Work in Progress: Spinning Blue Faced Leicester (BFL) Top

In August I visited the Great Basin Fiber Arts Festival in South Jordan, Utah. Joel and the children came with me. It was an interesting experience. So many fun things to see. The kids loved to watch people spinning on their spinning wheels and the weavers on their looms. Mostly we saw wool and alpaca fibers. One alpaca farmer has my Maeve pretty convinced she wants an alpaca for a pet. 

I knew that I wanted to buy some more fiber at the festival, but only one. I wavered back and forth between a BFL top and alpaca. After talking to the alpaca farmer, who suggested I start with a rug grade alpaca top since I had never spun alpaca before, I decided to go with the BFL. It seems like the alpaca was maybe still beyond my spinning skills. 

The indie dyer at Wasatch Watercolours had some amazingly beautiful tops. They were all named after different mountains, national parks, and other outdoor wonders in Utah. I chose this purple beauty named Canyonlands. I really love the colors. 

It hasn't been too difficult to spin. I have been really trying to be consistent but you can tell that it is still a challenge. I am getting better and going back and fixing the slubs, thick places, in the yarn.  It isn't perfect by far but I am still really pleased with how it is turning out. I think this will be the first hand spun that I will actually knit with. I want to make this ribbed cowl from the Purl Bee. I think it will work well with the hand spun. Thoughts?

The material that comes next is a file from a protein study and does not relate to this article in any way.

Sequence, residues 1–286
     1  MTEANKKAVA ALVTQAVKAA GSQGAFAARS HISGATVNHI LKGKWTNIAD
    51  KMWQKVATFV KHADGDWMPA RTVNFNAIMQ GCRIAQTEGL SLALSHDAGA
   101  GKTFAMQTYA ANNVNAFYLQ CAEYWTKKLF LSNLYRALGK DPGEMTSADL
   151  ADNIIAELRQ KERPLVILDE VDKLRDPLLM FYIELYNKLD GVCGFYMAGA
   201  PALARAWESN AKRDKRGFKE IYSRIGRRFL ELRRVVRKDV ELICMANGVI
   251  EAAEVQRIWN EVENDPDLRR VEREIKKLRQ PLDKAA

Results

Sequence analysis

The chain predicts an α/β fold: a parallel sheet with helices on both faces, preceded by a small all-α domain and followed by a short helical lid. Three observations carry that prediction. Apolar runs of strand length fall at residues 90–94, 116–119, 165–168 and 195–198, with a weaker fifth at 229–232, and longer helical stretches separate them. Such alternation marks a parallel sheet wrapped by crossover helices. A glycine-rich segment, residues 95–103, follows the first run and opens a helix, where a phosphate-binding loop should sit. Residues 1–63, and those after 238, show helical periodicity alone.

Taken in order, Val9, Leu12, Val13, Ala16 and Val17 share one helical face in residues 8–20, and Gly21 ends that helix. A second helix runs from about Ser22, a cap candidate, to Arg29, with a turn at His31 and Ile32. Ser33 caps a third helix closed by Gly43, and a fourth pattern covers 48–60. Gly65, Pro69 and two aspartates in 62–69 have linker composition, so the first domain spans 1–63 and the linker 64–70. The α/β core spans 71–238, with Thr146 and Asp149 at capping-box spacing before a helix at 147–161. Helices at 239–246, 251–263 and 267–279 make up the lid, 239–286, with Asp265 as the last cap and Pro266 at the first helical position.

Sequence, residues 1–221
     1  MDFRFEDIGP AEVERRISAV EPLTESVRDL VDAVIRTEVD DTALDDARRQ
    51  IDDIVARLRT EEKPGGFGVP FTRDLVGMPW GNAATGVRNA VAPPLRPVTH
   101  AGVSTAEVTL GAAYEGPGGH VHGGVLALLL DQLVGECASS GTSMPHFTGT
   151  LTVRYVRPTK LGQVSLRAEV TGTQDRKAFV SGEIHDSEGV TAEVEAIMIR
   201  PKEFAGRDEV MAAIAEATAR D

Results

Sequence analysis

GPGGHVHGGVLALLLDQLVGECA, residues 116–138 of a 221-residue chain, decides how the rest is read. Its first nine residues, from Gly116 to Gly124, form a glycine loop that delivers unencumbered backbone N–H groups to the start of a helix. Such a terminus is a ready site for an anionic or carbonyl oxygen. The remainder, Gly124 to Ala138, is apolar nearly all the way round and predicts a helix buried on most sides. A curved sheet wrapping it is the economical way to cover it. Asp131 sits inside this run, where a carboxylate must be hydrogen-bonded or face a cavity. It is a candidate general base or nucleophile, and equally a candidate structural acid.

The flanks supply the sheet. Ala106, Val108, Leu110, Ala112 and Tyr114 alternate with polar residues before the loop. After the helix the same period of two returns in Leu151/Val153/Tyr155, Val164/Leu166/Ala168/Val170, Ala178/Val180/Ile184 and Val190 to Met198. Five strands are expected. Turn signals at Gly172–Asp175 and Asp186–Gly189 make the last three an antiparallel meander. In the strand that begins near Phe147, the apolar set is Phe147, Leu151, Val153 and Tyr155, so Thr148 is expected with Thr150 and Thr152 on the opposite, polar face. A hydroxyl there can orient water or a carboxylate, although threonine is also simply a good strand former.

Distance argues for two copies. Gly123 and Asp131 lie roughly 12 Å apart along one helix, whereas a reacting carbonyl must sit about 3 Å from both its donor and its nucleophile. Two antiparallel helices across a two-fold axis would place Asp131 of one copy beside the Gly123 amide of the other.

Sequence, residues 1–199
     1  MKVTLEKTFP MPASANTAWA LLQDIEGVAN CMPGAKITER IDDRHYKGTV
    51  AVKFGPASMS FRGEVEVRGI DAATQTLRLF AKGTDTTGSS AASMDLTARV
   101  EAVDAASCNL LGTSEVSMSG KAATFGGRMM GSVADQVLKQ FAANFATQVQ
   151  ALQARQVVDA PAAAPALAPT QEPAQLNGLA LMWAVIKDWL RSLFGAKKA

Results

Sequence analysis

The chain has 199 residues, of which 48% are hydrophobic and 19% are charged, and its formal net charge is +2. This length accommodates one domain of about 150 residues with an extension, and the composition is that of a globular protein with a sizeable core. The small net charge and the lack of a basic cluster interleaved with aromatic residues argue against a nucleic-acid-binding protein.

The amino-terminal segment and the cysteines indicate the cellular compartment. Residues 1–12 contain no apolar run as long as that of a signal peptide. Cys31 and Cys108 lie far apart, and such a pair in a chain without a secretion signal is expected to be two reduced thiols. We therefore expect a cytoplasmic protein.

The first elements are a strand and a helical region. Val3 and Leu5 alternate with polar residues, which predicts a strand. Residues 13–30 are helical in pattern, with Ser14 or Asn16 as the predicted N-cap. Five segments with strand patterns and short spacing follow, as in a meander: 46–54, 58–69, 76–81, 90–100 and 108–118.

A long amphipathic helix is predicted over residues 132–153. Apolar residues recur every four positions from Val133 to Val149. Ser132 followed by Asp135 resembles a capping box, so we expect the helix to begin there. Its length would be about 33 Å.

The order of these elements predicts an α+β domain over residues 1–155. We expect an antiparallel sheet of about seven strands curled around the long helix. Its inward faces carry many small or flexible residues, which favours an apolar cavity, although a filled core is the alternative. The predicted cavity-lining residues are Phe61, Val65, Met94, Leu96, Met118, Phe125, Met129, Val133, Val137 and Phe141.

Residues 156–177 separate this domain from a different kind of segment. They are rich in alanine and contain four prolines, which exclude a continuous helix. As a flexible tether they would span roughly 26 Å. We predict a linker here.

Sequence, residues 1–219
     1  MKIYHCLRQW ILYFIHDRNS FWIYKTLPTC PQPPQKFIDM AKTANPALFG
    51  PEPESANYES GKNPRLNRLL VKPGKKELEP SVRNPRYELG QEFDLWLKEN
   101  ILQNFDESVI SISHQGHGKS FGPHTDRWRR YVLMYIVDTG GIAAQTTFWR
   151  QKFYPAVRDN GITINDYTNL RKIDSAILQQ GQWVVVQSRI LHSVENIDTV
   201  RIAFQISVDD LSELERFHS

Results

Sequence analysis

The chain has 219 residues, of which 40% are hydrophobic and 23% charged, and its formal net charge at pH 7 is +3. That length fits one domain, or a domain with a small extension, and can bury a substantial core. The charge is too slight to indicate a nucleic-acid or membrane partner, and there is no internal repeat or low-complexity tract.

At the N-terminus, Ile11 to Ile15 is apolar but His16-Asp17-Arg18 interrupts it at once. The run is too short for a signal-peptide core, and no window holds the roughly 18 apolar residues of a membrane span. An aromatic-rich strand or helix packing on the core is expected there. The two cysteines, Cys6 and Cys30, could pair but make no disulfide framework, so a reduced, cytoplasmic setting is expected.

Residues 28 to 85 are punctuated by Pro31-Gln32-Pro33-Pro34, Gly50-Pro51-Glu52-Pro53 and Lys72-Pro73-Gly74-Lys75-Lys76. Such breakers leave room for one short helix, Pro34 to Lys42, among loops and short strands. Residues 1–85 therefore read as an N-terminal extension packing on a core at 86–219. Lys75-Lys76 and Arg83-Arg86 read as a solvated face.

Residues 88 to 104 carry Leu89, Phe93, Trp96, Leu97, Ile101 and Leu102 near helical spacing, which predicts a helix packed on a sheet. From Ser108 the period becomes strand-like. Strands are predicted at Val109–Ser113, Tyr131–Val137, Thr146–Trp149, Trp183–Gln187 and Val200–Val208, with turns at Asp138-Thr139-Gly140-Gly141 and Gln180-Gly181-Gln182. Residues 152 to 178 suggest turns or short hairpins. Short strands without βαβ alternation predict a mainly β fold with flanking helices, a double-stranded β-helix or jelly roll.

As far as reading goes, I stayed up until 1am yesterday finishing this 900 page book, The Undaunted by Gerald Lund.  It is about the Mormon pioneers that were called by our prophet to settle near the San Juan River. They are referred to as the Hole in the Rock Pioneers because they took their wagons through a narrow and steep crevice in the rim of Glen Canyon on their way across the Colorado River. We hiked that trail while we were down at Lake Powell over Labor Day weekend. It is madness to think of taking a wagon done that trail and yet no one was killed. The book is interesting and Lund does a good job of weaving historical facts with his fictitious main characters. I enjoy historical novels. Regardless of your feelings about the Mormons, it is pretty amazing to read about the miracles that took place during this unbelievable trek. It is hard to deny that God was watching over them. 

Joining with Ginny, Tami, Nicole, and Sarah. Go check out other knitting and spinning projects. 

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